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"Cost Effective Predictive Maintenance" a Quarter-Century Later

Back in 1987, "Cost Effective Predictive Maintenance" by B.C. Howes, B.R. Long, and V. Zacharias, was published on eight pages in Pulp & Paper Canada, now in its second century as a digital, annual publication chronicling one of that nation's oldest industries.

The abstract reads, "Predictive maintenance is a concept that is generally accepted in the pulp and paper industry today.  For those mills considering the implementation of such a program, a key consideration should be whether the method chosen will be cost effective.  This paper briefly identifies several alternatives, and attempts to provide a method for evaluating the economics involved."

The study defines the target of its predictive maintenance as "machinery on which increasing vibration is a sufficient indicator of a potential problem and provides enough warning to allow repairs to be made in a timely fashion."

In Figure 1, they display a fanciful timeline showing the "Advance of maintenance practice."  This begins at the bottom with "TECHNOLOGICALLY BACKWARD MILLS" and proceeds through eight stages to TECHNOLOGICALLY ADVANCED MILLS," the latter a veritable maintenance Shangri-La noted for:

(survey everything: computer records & trends)
(use skilled workers to identify solutions)"

What dates the analysis most obviously is that, when it was written, "the state-of-the-art" was one or more maintenance specialists with "a portable instrument...used to take readings," one that "remembers them until they can be transferred back to the computer."  That computer then "keeps track of all the machines, test-points, and recorded data, " in addition to which "trending and historical analysis are done by the computer."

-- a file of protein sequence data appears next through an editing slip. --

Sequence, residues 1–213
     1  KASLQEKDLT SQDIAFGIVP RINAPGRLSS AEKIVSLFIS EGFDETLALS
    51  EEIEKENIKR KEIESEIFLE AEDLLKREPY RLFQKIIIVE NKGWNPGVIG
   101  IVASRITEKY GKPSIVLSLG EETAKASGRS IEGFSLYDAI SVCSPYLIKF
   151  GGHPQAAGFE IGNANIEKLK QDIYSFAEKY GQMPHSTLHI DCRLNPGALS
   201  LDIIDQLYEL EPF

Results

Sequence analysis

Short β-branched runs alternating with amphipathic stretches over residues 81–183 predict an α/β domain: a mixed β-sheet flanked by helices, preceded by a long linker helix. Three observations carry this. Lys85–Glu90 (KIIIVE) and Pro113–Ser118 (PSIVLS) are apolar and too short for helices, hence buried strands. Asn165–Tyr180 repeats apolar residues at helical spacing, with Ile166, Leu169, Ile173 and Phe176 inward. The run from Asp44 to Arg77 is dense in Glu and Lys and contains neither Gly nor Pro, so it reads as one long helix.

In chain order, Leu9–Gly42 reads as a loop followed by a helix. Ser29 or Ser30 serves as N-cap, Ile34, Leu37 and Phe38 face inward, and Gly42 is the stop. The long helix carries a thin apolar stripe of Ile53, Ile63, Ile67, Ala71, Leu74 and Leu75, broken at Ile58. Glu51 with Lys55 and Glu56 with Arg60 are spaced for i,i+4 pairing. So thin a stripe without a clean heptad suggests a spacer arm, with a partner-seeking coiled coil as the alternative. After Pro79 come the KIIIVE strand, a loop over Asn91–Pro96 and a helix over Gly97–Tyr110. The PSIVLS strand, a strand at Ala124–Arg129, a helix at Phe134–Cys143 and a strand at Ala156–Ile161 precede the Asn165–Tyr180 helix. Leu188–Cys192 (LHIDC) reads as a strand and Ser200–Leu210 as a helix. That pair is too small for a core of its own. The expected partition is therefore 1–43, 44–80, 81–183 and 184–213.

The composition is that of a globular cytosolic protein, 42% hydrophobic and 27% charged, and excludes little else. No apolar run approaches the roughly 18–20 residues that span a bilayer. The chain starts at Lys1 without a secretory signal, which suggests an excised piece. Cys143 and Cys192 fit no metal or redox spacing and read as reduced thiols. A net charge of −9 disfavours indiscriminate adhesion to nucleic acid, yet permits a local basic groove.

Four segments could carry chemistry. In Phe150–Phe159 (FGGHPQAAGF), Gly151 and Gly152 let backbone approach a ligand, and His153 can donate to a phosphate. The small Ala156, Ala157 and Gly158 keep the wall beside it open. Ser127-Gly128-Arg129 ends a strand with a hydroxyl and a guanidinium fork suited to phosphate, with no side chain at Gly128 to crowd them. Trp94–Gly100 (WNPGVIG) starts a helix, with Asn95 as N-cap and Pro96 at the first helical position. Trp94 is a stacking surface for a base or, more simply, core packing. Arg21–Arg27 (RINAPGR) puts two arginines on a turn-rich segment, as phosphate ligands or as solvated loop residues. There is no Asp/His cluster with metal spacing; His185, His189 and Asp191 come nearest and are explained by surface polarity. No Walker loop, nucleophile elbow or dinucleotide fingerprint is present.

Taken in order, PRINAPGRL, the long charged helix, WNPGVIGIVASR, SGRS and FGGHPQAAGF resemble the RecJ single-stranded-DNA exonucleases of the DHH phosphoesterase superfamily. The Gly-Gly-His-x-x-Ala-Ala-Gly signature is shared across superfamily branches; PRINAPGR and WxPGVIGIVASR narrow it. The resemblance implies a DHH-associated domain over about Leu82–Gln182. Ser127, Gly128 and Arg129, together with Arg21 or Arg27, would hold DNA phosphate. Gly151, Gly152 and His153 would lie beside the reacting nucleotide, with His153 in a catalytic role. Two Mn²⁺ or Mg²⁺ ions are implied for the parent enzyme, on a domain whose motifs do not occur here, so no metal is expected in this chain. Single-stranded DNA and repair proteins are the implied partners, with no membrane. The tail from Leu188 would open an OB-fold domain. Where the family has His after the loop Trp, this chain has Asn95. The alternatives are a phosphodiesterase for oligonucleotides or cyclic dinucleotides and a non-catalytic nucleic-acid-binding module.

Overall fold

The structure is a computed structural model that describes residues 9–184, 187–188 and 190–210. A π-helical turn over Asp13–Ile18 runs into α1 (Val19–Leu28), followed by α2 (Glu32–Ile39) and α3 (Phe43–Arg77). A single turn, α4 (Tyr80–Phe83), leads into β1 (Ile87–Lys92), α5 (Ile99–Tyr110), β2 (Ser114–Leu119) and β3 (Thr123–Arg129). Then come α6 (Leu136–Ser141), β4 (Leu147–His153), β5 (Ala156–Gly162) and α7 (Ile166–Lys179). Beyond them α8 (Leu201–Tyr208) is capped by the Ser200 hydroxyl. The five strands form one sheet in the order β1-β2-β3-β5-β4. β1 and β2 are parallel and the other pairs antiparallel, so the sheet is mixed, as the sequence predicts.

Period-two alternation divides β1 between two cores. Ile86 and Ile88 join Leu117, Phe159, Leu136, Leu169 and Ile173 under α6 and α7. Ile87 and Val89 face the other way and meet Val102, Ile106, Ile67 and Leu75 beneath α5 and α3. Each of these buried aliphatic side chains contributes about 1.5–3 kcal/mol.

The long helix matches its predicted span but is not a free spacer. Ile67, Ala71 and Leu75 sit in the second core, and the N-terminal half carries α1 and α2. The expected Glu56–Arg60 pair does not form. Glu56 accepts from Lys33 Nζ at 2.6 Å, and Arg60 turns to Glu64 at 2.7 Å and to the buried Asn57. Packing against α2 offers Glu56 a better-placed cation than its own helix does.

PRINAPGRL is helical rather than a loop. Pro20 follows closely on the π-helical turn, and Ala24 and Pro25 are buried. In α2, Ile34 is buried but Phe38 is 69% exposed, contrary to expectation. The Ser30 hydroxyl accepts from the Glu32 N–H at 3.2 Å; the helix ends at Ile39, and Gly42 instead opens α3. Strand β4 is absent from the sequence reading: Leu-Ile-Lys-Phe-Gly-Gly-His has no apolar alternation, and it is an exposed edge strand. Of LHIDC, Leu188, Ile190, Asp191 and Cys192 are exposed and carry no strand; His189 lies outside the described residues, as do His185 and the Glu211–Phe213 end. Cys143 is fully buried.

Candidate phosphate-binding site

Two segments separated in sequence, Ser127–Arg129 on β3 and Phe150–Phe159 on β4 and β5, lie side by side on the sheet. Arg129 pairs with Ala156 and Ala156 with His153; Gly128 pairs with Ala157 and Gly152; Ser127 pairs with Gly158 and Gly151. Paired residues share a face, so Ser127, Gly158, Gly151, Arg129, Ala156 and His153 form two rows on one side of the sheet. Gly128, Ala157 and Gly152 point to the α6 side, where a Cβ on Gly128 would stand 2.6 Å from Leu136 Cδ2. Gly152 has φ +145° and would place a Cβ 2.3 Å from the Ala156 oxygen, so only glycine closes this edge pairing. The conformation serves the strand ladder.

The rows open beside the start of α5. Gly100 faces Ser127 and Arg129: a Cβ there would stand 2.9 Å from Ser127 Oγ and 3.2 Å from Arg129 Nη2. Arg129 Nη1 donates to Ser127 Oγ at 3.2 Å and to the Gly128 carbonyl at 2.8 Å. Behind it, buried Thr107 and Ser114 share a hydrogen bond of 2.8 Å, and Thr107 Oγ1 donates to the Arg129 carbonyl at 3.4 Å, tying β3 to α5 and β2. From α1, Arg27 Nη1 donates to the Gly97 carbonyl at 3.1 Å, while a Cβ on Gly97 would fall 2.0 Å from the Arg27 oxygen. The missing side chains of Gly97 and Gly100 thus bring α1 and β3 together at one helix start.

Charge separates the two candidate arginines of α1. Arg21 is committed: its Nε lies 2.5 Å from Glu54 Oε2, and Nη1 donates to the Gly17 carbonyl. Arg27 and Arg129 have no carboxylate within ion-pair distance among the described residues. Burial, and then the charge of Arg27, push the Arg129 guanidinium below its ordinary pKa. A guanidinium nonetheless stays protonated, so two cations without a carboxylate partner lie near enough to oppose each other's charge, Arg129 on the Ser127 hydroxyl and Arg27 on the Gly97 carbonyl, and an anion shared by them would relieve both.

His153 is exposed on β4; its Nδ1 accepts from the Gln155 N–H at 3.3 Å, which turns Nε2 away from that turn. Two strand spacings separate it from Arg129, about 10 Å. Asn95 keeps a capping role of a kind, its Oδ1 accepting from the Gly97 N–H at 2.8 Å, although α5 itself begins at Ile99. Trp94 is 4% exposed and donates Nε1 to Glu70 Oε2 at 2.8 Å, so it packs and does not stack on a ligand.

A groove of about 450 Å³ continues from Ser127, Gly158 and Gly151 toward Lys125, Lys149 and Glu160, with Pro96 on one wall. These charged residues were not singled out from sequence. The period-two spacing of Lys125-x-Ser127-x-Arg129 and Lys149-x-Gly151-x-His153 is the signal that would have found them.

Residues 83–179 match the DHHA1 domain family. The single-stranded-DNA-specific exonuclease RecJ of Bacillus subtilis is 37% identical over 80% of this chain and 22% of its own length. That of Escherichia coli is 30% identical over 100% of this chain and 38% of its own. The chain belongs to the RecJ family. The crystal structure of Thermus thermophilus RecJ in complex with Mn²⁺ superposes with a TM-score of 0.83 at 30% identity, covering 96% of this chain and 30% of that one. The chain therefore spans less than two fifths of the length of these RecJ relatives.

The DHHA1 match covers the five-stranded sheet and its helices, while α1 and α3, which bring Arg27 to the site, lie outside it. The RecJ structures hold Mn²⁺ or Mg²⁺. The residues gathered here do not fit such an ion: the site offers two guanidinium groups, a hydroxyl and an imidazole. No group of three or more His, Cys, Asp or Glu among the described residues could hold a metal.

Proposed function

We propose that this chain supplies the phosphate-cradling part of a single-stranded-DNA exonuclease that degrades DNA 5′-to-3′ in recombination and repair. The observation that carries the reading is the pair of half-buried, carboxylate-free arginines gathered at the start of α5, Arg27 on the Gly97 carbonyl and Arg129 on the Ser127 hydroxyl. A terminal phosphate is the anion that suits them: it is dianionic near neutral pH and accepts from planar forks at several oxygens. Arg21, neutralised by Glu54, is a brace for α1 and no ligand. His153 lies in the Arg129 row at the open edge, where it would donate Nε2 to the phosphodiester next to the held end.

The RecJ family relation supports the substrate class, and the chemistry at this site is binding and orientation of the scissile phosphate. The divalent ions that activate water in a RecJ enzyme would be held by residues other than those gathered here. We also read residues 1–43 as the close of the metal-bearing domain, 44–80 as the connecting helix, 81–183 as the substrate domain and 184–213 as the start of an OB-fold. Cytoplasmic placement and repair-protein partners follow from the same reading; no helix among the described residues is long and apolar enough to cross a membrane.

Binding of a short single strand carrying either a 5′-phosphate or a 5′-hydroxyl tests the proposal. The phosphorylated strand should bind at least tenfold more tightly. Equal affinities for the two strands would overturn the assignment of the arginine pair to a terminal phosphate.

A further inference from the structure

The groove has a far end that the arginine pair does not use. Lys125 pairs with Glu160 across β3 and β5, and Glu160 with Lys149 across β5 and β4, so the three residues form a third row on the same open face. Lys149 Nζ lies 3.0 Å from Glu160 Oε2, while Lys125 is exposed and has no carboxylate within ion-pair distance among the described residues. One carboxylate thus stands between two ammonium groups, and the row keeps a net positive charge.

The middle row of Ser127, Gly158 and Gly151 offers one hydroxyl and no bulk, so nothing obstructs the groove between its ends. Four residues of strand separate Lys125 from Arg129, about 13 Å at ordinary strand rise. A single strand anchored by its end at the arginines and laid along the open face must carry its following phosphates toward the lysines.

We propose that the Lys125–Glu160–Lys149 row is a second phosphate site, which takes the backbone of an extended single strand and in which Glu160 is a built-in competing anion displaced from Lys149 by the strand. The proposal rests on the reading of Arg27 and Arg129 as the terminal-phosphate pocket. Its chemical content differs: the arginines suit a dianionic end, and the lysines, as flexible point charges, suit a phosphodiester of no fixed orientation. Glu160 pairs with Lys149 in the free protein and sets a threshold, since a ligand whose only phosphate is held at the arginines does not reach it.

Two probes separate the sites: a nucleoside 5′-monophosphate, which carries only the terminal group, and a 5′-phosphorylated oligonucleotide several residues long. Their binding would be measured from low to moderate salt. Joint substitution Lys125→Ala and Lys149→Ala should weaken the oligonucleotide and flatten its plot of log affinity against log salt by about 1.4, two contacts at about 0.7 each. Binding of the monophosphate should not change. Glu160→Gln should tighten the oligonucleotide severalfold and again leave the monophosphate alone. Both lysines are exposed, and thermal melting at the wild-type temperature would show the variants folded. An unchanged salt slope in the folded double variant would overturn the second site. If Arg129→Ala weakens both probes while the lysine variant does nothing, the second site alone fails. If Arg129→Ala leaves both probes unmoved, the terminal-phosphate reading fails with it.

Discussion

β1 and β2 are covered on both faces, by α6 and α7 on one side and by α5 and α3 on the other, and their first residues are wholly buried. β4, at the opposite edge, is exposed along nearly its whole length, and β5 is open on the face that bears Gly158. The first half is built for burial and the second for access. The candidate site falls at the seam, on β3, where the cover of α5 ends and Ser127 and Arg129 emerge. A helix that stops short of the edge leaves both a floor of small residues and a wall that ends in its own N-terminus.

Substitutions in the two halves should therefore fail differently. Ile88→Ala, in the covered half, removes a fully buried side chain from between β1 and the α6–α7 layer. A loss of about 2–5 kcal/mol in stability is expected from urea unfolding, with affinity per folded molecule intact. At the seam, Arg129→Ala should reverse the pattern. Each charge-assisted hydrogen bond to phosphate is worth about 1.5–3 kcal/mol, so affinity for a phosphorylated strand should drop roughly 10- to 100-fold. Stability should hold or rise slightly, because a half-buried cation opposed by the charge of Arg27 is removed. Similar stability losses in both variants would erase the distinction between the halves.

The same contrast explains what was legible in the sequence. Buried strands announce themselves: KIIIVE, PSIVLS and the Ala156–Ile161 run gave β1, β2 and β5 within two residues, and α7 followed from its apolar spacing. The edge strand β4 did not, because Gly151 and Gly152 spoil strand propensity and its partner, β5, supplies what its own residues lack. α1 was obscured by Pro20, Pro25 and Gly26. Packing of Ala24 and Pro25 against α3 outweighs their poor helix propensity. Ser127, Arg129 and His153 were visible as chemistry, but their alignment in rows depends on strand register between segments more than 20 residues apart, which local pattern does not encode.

Major concerns of this early iteration of predictive maintenance were the cost of training and the high salaries of the specialized personnel needed to make the system work well, and the substantial expense of the machinery needed to make "periodic planned vibration checks on every piece of machinery" in a plant that could have hundreds of them.

It was felt that "...automation dramatically reduces the tedium of the job.  Fewer people are required to collect data, because using the instrument is so much faster than collecting data by had."

Today, vibration sensors take measurements at intervals chosen by the user, the results of which can, in real time, be fed straight into a computer with the specialized software to display and interpret them almost instantaneously.  With few exceptions, costly, complex, cumbersome manual meters have pretty much gone the way of the dodo bird.

However, the study concludes with words as true today as they were 26 years ago: "Predictive maintenance programs that improve maintenance practice can be a reality in every plant.  It is time to apply/benefit evaluation techniques, in order to make these programs as cost effective as possible.  Only in this way can predictive maintenance make the best contribution to the overall profitability of your plant."

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